BILL MOYERS: But we are, in fact, talking about population that is largely very old, very poor, and very female. And that is not a voting constituency and those are not the people who command the attention of the power brokers on Capitol Hill. Right?

DR. JOANNE LYNN: Well, when you say people are largely poor, the image that people bring to mind is people who have been poor all their life. And, what we need to come to recognize is that these are people who are newly poor. They mostly lived their lives in middle class and they’ve become poor because their husband died and the pension went and then they got ill and they used up their savings and now they’re the poorest they’ve been since they were married. And all –

BILL MOYERS: Because of health care costs?

DR. JOANNE LYNN: Well health care costs and the cost of living while disabled.

BILL MOYERS: So, when we talk about dying on our terms, we’re not just talking about the individual autonomy of a – of a single death, we’re talking about how the whole community acts and behaves and cares for all of us who are dying.

DR. JOANNE LYNN: Exactly. We just can’t really just walk away from it. More and more people are seeing what their parents are going through as something they’ve got to speak up about. And, not only for their parents, but for themselves when they get there.

MS. FLORINE HUFF: That’s my sister, or is that me? That’s me. That’s me right there. That’s the one in New York.

BILL MOYERS: At 89, Florine Huff has been taking care of her ailing sister for several years. What’s happening now puts both of them in jeopardy.

MS. FLORINE HUFF: This is the one up there sick now, Portia. That’s her.

BILL MOYERS: Portia Boyd, her sister, is 87. Ms. Huff is growing too fragile to look after her.

MS. FLORINE HUFF: …everybody’s at home around here. We don’t have any company, so they see it as is…

Dr. AMOS BAILEY: Hi Ms. Boyd.

MS. FLORINE HUFF: …catch what you can.

Dr. AMOS BAILEY: I’m doing really well.

MS. FLORINE HUFF: …take that dress off and then I still left it on the bed…

Dr. AMOS BAILEY: I have some – I have a friend to visit with you today from Washington. This is Dr. Lynn, Joanne Lynn. This is Ms. Boyd.



PORTIA BOYD: Nice to meet ya. Sit down – you sit down too.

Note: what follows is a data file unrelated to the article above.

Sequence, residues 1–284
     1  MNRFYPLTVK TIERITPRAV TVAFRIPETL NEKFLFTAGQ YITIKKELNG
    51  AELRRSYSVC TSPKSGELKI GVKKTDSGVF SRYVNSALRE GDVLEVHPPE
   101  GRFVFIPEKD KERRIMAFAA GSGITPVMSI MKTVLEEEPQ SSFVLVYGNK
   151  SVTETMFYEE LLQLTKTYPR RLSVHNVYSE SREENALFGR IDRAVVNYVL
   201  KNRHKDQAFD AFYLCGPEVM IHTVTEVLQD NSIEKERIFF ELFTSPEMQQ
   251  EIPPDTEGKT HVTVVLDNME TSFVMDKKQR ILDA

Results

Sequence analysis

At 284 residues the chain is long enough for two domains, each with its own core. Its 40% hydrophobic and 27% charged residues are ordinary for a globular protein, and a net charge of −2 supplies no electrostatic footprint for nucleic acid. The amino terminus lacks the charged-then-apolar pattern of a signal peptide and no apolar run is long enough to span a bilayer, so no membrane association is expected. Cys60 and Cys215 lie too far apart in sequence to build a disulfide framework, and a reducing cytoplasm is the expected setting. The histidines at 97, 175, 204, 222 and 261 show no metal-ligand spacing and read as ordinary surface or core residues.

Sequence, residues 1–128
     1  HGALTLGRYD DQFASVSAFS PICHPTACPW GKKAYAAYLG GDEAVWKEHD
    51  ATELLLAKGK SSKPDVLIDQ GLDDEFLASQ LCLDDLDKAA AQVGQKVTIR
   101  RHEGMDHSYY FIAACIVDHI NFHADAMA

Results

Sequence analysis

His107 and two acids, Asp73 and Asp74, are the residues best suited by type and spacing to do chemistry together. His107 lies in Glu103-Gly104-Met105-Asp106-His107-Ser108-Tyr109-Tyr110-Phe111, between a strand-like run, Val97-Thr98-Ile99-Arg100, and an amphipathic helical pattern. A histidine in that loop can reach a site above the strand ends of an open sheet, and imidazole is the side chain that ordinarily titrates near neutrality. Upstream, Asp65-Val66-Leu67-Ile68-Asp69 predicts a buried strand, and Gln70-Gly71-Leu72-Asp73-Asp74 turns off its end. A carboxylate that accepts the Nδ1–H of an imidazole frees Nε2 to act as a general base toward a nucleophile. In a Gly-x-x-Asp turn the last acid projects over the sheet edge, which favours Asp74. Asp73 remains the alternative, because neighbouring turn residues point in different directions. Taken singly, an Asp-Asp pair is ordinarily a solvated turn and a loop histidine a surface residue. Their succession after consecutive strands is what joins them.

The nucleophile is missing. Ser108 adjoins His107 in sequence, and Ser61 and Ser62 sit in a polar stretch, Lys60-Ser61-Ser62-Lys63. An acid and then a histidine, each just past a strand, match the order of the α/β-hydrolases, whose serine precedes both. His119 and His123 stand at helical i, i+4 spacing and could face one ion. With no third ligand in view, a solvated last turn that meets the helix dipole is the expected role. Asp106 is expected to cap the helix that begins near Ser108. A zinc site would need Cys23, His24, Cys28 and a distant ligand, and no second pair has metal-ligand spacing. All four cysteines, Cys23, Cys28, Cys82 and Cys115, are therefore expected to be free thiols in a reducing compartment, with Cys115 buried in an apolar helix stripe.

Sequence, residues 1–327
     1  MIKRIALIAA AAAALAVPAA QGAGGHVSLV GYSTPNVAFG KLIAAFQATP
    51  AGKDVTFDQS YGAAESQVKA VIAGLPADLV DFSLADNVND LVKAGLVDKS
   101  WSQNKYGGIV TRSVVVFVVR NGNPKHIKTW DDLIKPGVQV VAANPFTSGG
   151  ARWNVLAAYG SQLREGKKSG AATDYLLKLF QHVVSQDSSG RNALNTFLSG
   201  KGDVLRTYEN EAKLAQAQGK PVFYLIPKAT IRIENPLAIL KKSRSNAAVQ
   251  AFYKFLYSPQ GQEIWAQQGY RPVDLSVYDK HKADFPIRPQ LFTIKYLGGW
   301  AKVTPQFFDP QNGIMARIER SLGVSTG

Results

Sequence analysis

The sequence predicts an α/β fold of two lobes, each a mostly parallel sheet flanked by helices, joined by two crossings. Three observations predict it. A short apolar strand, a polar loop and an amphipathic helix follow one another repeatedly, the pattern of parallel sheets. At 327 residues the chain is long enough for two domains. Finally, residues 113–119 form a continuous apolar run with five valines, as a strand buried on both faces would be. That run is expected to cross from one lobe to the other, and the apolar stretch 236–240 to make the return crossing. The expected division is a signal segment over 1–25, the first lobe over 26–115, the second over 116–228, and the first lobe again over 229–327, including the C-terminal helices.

Dr. AMOS BAILEY: Did you enjoy your um, barbecue?

PORTIA BOYD: Oh, I forgot to tell you! Did I? It was – it was delicious!


PORTIA BOYD: Uh hmm and peas…can you get.

Dr. AMOS BAILEY: Yeah, I know.

PORTIA BOYD: That was so good. I enjoyed it.


BILL MOYERS: When Ms. Boyd was diagnosed with lung cancer, she moved from Pennsylvania to Birmingham to be cared for by her sister.

DR. JOANNE LYNN: Good thing you have each other.

PORTIA BOYD: My sister’s taking care of me. I give her a lot – all the credit – not all, but most credit because she’s really good to me, very good. If it hadn’t been for her, I don’t know where I would be, but she’s taken very good care of me.

The two sisters hired Ms. Susie Davis to help them with their meals and medication. This is her first week on the job. Medicare doesn’t cover such an expense and it’s not clear how long they can afford her help.

SUSIE DAVIS: Father God in the mighty name of Jesus Lord we thank you for this food that we are about to receive for the nourishment of our bodies in Jesus’ name. Amen.


SUSIE DAVIS: Can I put some jelly on your bread?

Dr. AMOS BAILEY: They’ve been able to manage for 2½ years, but Ms. Boyd is not as able to get around as she was and Ms. Huff I think is developing some dementia and she was repeating herself, forgetting what she said, was not handling Mrs. Boyd’s medicines very well, even though they’re very simple, and they weren’t even able to really handle for instance, cooking meals and preparing food in the house. So we all were concerned that they might both end up needing to go into a nursing home situation, which neither one of them want. They really need to be together.

DR. JOANNE LYNN: Isn’t it amazing how in a flash both people could be in a nursing home and Medicaid would pick it up, but you have to string it all together…


DR. JOANNE LYNN: to make it work to stay at home.

Dr. AMOS BAILEY: Right. Ms. Boyd would go – could go into a nursing home more easily since she doesn’t really have that many possessions. This home is owned by Ms. Huff. If Ms. Huff had to go into a nursing home, then her assets would have to be spent down. In this state you have to spend down to $1,500. So they’d have to sell this home.